Journal of Craniovertebral Junction and Spine

: 2011  |  Volume : 2  |  Issue : 2  |  Page : 86--88

An interesting clinical association of short neck with an unusual laryngeal anomaly

Rakesh Pinninti1, E Thirulogachandar2, KH Noorul Ameen1,  
1 Department of Medicine, Government Stanley Hospital, Chennai, Tamil Nadu, India
2 Department of Medicine and General Medicine, Government Stanley Hospital, Chennai, Tamil Nadu, India

Correspondence Address:
Rakesh Pinninti
Doshi apartments, Chennai


An elongated high-rising epiglottis can represent a normal variation of the larynx in a majority of pediatric patients. However, there are virtually no reports available for visible or high-rising epiglottis on routine oral examination in adult patients without upper respiratory tract inflammation. We report an unusual case with prominently visible epiglottis on oral examination. We diagnosed him with a rare congenital disorder based on associated physical examination and imaging evidence of short neck, low hair line, Sprengel�SQ�s anomaly, left digital hypoplasia, restricted neck movements, cervical vertebra fusion, and mirror movements (synkinesia).

How to cite this article:
Pinninti R, Thirulogachandar E, Noorul Ameen K H. An interesting clinical association of short neck with an unusual laryngeal anomaly.J Craniovert Jun Spine 2011;2:86-88

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Pinninti R, Thirulogachandar E, Noorul Ameen K H. An interesting clinical association of short neck with an unusual laryngeal anomaly. J Craniovert Jun Spine [serial online] 2011 [cited 2023 Jun 1 ];2:86-88
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As part of a gradual process of descent, the larynx moves from the level of the second and third vertebrae (fetus) to the level of the fourth vertebrae (birth) to the fifth vertebrae at 6 years of age and to the level of the seventh vertebrae by puberty. [1] High positioned larynx is a normal variant of the pediatric larynx and high-rising tubular epiglottis may present with intermittent foreign body sensation in throat in such patients, [2] It is, however, rare to identify such visible or high-rising epiglottis on routine oral examination in adult patients without upper respiratory tract inflammation. The aim of this case report is to describe a rare and unusual clinical association of short neck and high-rising epiglottis in an adult male, who based on additional clinical and imaging evidence, was diagnosed with Klippel-Feil syndrome (KFS).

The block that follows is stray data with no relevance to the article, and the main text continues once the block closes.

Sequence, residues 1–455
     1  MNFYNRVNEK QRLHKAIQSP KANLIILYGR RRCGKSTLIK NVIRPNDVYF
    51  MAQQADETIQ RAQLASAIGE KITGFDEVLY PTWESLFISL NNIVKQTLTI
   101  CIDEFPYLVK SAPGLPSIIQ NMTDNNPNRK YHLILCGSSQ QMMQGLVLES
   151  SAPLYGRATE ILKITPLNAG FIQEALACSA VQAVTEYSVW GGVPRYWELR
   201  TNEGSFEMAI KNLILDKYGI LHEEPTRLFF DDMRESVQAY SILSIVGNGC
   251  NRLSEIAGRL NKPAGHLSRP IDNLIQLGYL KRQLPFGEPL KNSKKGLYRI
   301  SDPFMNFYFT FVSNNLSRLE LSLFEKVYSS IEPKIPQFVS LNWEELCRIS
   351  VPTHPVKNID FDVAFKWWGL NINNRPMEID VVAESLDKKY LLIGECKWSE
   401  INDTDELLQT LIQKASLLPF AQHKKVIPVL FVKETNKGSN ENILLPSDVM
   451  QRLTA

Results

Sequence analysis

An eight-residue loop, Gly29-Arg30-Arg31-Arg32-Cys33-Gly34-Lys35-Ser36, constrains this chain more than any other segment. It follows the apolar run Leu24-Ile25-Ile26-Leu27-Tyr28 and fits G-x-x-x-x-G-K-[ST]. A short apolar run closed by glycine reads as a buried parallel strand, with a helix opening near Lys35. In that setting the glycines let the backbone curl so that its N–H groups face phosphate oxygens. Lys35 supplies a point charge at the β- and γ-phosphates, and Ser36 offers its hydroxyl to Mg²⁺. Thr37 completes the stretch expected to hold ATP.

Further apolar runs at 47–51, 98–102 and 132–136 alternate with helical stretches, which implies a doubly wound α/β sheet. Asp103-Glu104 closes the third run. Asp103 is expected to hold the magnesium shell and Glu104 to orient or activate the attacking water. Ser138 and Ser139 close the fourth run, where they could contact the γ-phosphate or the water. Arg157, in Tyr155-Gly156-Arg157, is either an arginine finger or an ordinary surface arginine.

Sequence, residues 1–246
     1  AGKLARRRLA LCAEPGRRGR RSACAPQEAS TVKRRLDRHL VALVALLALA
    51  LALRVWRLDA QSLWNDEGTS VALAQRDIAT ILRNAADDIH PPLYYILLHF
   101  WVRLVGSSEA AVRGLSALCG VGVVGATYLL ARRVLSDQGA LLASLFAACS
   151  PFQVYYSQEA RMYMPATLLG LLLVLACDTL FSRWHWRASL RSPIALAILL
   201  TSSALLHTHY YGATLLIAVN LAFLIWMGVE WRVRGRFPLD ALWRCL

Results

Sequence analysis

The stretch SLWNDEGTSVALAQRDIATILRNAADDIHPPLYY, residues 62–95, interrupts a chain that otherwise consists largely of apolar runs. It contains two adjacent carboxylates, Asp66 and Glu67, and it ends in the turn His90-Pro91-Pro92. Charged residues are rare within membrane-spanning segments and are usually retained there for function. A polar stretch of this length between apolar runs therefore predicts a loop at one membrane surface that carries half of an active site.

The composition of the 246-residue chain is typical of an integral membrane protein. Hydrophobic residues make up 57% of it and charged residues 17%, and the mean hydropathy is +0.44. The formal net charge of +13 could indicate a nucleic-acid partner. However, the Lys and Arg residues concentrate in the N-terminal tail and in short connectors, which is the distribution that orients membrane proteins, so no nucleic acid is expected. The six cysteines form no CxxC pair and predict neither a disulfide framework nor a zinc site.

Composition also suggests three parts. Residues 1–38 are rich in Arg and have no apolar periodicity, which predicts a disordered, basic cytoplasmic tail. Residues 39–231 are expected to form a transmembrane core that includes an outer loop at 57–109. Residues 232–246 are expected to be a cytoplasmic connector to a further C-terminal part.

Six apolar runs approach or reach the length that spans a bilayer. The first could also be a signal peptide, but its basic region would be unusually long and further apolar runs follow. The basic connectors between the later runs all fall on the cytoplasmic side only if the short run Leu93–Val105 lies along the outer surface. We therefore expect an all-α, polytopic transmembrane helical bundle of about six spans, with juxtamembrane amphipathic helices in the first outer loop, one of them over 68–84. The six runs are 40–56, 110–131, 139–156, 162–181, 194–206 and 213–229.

A 45-year-old male who is a rickshaw puller by occupation presented with complaints of weakness of lower limbs and difficulty walking since 2 years. Patient gave history suggestive of gradually progressive proximal and distal muscle weakness of lower limb and tightness of all four limbs. There was no history of fall or trauma. There was no history of radicular pain. There were no associated sensory and sphincter disturbances. Patient was not diabetic or hypertensive. Patient gave no history of prior systemic illnesses. Physical examination revealed high height-neck ratio (19:1, normal 9:1), webbing of neck, low hair line [Figure 1]c, Sprengel's anomaly, left digital hypoplasia [Figure 1]b, Restricted neck movements (rotation, flexion and extension), Prominent high-rising epiglottis [Figure 1]a and mirror movements (synkinesia). Patient scored adequately on mini-mental status examination (MMSE) Questionnaire, cranial nerve examination revealed diminished sensation on left half of face, conductive deafness in left ear, dysphonia and bilaterally diminished gag reflex. There were, however, no diplopia, nystagmus, and findings indicative of Horner's syndrome. Fundus examination was normal. Motor system examination revealed bilaterally symmetrical Spastic quadriparesis with increased tone, reduced power (4/5), exaggerated deep tendon reflexes and spastic gait. Plantar response was upgoing bilaterally. Left-sided mild cerebellar dysfunction was present. Sensory system examination revealed normal Pain, temperature and diminished joint position sense in all four limbs. Romberg's sign was positive. There was loss of vibratory sense in all four limbs and along the vertebrae. There was, however, no vertebral body tenderness. Other system examination revealed no significant findings. Patient was further investigated with plain computed tomography CT and plain magnetic resonance imaging (MRI) of spine and brain which revealed partial fusion of C3-C4 ([Figure 2], black arrow) and C6-C7 vertebra [Figure 3], sharp angulations of spinal cord at foramen-magnum ([Figure 2] white arrow), reduced saggital canal diameter at foramen magnum (15.2 mm, normal- 35 mm) and normal lumbo-sacral vertebrae. Ultrasonogram abdomen and pelvis revealed normal internal organs, 2D echocardiogram was normal and audiometry revealed left-sided mixed type deafness and right-sided mild sensory deafness. Patient was finally diagnosed with Type 2 KFS. Patient refused to give consent for further evaluation for possible neurosurgical management. Patient was conservatively treated with physiotherapy and was later lost to follow-up{Figure 1}{Figure 2}{Figure 3}